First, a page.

Florida Lawmakers Pass Controversial Social Media Bill

Lawmakers VOTE - Controversial Bill Passed!


The Florida legislature approved a contentious new legislation, dubbed the Online Protections for Minors Act (H.B. 1), which prohibits social media platforms such as YouTube, Facebook, and Twitter from catering to individuals under 16 years old. The bill introduces exceptionally strict measures, mandating platforms to identify and prohibit users falling below this age threshold.

The legislation takes aim at platforms, including websites and apps, that enable user-generated content (UGC), collect user data, and utilize what detractors label as “addictive” engagement algorithms intended to encourage repeated usage. It precisely delineates UGC as content generated and/or posted by the end user rather than the platform’s owning company.

If H.B. 1 becomes law, it would compel these platforms to promptly implement age verification protocols for all users residing in Florida. Additionally, websites must actively identify and remove any accounts held by individuals under 16, regardless of parental consent.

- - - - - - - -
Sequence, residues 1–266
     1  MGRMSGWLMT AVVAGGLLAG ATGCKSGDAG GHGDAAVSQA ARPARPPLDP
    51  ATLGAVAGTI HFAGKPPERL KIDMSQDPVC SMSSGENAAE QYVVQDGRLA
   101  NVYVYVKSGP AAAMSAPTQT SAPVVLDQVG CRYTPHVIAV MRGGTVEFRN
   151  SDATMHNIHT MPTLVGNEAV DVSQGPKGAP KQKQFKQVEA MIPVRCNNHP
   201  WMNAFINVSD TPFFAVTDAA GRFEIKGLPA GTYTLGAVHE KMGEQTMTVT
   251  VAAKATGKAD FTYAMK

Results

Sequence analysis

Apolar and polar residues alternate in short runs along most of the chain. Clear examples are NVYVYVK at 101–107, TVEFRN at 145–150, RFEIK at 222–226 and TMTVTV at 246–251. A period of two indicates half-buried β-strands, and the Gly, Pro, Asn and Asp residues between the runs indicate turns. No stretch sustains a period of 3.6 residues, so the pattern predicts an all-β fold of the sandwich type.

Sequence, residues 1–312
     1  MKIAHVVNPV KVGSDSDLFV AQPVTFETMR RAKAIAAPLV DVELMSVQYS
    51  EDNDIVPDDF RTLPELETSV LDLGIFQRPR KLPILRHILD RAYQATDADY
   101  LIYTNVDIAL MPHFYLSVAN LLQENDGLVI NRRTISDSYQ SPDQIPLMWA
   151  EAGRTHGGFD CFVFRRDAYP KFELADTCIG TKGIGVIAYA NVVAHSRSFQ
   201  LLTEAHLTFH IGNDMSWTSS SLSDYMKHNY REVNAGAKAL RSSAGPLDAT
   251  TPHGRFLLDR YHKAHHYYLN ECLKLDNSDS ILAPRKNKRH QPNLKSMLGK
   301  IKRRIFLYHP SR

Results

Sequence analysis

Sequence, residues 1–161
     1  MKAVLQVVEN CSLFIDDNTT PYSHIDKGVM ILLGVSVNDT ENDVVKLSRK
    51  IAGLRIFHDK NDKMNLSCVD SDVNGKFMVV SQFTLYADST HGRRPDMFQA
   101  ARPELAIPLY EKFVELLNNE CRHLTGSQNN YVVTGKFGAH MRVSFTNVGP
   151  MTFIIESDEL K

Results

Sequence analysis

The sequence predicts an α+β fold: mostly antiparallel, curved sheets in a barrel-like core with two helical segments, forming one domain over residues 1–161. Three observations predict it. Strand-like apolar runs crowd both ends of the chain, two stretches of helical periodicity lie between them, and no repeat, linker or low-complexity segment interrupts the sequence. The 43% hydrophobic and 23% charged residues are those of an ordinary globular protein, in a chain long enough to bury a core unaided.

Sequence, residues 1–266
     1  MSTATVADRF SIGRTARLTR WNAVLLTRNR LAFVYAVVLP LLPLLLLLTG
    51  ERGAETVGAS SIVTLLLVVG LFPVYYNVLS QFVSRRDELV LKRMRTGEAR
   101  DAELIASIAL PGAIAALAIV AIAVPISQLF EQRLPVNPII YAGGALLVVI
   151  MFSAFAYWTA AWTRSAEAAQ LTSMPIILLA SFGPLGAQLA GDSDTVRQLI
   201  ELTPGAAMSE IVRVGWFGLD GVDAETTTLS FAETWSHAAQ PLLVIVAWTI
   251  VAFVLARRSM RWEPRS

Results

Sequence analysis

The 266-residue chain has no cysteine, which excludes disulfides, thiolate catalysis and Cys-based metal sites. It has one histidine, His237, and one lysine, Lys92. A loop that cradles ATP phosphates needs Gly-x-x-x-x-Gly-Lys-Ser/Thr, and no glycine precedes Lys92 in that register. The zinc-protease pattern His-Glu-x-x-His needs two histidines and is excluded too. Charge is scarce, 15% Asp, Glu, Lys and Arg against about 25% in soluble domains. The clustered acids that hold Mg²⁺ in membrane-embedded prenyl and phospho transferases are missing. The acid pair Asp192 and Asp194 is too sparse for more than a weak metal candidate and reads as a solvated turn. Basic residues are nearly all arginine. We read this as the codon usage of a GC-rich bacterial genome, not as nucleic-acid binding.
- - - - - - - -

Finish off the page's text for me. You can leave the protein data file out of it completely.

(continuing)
The Online Protections for Minors Act was approved by the legislature with a vote of 108-7 on February 22. However, it has not been formally enacted into law yet. Instead, the bill has progressed to Governor Ron DeSantis (R-FL), who must determine whether to approve it, reject it, or propose changes before finalizing it.

Should it receive approval, H.B. 1 is slated to come into force in the early months of summer. The Department of Legal Affairs will be responsible for enforcing the fresh regulations and is said to have the authority to levy substantial fines, reaching as high as $50,000 per breach, against companies that resist compliance.

It’s uncertain whether DeSantis will approve the bill. Critics from various political perspectives contend that H.B. 1 constitutes governmental overreach as it encroaches upon Floridians’ First Amendment freedoms by restricting free speech. Additionally, some parents object to the absence of a provision for parental consent, which removes their autonomy to decide on a case-by-case basis.